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There is no "easy" transition to Linux.

Posted 09-05-2011 at 10:12 PM by ReaperX7

I've been using Linux on and off for the past ten years or so and at first, even I was very intimidated by the OS. It took a lot of researching and also a lot of trial and error before I settled in on my current distribution, Slackware. I've had the opportunity and unfortunate privilege of trying out other distributions that were more or less a migraine. Red Hat, Mandrake, SuSE, Ubuntu, and a few others I've forgotten over the years.

As a user of Linux I've been ridiculed in college for using Linux such as:

"That's a nerd's operating system. Only a nerd can figure out Linux."
"Linux is stupid. You have to do so much to do one thing. That's stupid."
"Why are you using Linux, when everyone in class is running Windows?"

There were others and many more...

Luckily my instructor told me something valued...

"Learning what you can, even outside the status-quo, will help you out more. You understand Linux because it's not just a reliable system to you, but it's a powerful tool that can even be used to repair a Windows machine. When those guys are having to sacrifice a customer's data, you'll be loading Ubuntu and have the ability to back it up and then restore the system without losing anything, then who's going to be the better technician? You will."

I've had to learn a lot about Linux software as well like what works best with what, replacements for programs that don't have a Windows clone, and even learning that dual-booting is often the best solution because often, you just need both operating systems to get more done.

Linux isn't just an OS you dive into like Windows. Practically everything in Linux is command-line based, meaning learning command structure and switches is more necessary and often a requirement. Hardware also has to meet certain requirements as well making me be more selective with hardware and knowing what works best, and literally what is going to not work.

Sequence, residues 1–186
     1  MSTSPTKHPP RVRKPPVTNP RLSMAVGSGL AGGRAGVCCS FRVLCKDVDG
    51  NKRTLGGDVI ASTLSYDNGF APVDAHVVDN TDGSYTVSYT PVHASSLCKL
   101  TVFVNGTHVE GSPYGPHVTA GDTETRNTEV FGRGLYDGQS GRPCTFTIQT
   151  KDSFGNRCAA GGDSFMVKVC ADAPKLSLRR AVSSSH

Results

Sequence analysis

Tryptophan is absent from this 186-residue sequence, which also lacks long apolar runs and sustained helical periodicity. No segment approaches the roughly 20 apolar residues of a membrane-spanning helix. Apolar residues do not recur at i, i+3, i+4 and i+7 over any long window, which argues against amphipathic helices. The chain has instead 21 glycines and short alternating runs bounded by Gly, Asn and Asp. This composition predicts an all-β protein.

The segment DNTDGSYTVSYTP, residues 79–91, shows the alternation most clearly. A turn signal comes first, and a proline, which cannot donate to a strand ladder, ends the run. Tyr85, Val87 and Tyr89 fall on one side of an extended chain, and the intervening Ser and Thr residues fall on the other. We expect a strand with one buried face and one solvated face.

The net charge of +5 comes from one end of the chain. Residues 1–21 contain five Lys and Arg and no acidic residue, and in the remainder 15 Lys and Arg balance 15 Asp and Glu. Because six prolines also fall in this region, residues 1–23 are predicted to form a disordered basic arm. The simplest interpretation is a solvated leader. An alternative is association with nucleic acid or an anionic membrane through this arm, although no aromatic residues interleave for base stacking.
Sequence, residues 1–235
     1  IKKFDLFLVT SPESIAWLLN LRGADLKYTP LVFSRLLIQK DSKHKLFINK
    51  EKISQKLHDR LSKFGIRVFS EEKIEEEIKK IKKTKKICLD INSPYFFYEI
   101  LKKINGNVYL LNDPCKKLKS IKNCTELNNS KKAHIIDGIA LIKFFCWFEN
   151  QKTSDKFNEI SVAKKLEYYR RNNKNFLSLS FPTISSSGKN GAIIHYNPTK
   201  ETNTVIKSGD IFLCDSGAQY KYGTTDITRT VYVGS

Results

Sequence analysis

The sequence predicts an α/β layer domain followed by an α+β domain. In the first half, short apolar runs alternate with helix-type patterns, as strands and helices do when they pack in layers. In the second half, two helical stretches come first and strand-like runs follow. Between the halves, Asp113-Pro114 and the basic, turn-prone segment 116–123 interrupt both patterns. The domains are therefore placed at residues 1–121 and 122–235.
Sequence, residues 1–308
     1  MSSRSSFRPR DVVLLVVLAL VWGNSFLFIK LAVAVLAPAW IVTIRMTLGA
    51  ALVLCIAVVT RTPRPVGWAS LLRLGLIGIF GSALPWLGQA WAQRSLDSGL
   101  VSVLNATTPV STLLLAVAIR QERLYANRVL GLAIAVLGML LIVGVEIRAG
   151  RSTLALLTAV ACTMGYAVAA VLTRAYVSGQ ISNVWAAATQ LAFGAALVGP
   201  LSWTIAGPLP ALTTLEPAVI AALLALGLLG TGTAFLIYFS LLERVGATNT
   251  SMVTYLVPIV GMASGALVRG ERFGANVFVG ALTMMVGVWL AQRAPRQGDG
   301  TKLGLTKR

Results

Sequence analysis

I'll say this...

People can claim Fedora, Mandriva, Ubuntu, and such are all easy to use Linux distributions, but they aren't. There is no "easy" to use distribution. Each has it's own tools that must be learned and often, you find that what is "easy to use" isn't often the best experience with learning to use Linux. I learned more from one of the distributions with the highest learning curve than others.

Linux is something you really have to be patient with. Patience will tell you mostly what will work, what won't work, and even then, how everything will work together.
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Comments

  1. Old Comment
    I broadly agree with much of this except the bit about having to use the command line all the time. That simply isn't true. As an average user, you may occasionally have to use the command line but otherwise you can use it as often or little as you want depending on how you want to accomplish any given task. If your goal is to really learn 'Linux' then you will want to spend a fair amount of time using the command line because it is such a powerful tool.

    To a certain extent, I also disagree with the statement about no easy distributions. Most distros put a lot of effort into being easy to use so I thin there are some pretty noob friendly ones out there. I'm beginning to wonder if the popular ones are the noob friendly ones though...

    Apart from that, as I said, you talk a lot of sense.